The number of people suffering from kidney related disorders often termed as Renal Disorders is on rise in the world. Diseases like diabetes and other congenital abnormalities occur very frequently and have played a crucial role in the development of renal diseases. The only options available to the patients for the treatment is dialysis and kidney transplant. And both these treatments have proved to be insufficient and expensive, with a higher mortality rate than in most cancers.
It is high time to develop new diagnostic and therapeutic modalities to treat renal diseases and for that, we require detailed knowledge of the mechanisms regulating kidney development. A new research conducted at the University of Helsinki identified MAPK pathway as a key regulator of the final nephron number in a mature kidney.
The MAPK pathway (also known as the Ras-Raf-MEK-ERK pathway) is a chain of proteins in the cell that communicates a signal from a receptor present on the surface of the cell to the DNA in the nucleus of the cell. MAPK pathway mediates extracellular growth factor stimuli to the cell interior. Its function is not limited to the cell’s nucleus, where it controls DNA by binding to target regions, but it is also active in the cytosol, where it regulates activities of many different proteins. In many cancers, a defect in the MAPK pathway has resulted in an uncontrolled growth of the cells. And thus MAPK pathway has been a highly researched for the treatment of cancer.
A study now published in Stem Cell Reports shows that MAPK activity is not only required for the normal proliferation and differentiation of nephron progenitors, but it also mediates crucial nephron progenitor interactions with the surrounding environment.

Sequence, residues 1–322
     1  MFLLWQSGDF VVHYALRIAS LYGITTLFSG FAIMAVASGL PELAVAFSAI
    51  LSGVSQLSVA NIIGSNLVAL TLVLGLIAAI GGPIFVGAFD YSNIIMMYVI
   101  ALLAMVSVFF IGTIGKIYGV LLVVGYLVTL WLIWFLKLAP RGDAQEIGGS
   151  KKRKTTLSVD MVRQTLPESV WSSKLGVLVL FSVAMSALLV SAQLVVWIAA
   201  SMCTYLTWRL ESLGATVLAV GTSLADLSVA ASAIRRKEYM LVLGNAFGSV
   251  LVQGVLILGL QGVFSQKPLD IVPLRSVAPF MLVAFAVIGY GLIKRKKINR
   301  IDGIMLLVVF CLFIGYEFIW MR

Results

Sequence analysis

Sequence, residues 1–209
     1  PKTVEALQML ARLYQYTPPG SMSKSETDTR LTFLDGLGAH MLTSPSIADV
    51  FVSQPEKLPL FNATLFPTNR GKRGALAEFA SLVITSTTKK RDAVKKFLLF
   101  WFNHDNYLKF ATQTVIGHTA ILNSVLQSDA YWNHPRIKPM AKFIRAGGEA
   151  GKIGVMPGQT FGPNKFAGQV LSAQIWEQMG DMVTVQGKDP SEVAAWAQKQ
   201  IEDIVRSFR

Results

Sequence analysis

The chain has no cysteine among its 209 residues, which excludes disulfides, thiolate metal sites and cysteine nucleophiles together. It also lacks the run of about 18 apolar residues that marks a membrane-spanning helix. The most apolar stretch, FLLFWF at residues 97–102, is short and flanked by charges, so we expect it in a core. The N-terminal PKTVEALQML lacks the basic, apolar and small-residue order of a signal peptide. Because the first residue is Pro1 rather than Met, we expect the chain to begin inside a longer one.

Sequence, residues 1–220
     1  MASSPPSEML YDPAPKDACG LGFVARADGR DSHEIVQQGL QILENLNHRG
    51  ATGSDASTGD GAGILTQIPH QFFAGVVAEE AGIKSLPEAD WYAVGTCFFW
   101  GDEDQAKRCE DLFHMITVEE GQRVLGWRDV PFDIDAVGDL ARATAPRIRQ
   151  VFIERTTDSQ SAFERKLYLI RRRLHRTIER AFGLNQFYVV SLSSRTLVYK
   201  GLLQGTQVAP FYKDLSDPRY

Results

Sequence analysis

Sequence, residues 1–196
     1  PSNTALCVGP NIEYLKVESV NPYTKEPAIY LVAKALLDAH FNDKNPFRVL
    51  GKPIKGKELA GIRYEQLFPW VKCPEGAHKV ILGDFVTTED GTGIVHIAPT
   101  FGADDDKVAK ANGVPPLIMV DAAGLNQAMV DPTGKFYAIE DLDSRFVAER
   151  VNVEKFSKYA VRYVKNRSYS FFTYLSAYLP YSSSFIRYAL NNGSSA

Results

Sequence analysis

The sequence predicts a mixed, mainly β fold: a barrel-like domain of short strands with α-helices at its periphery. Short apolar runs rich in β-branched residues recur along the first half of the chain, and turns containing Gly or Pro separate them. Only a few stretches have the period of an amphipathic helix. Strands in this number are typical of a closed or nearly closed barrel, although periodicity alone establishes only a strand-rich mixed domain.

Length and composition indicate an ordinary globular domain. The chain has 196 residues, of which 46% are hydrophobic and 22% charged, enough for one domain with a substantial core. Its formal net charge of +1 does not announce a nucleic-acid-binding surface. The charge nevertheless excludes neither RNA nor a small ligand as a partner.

“Our results reveal that MAPK activity participates in modulating cellular adhesion, which is constantly required in developing systems to enable cellular motility and morphogenesis,” explains the principal investigator Satu Kuure from the University of Helsinki, Finland.
MAPK pathway modulators have been used for a long time in the treatment of cancer. These modulators, along with the recently published results bring hope in the scientific community about developing new stem cell-based regenerative therapies as novel treatments for patients suffering from renal diseases. “Use of MAPK modulators allows efficient and precise activation as well as inactivation of the pathway. Timely utilization of this in patient-derived organoid differentiation may significantly improve the outcome,” foresees Kuure.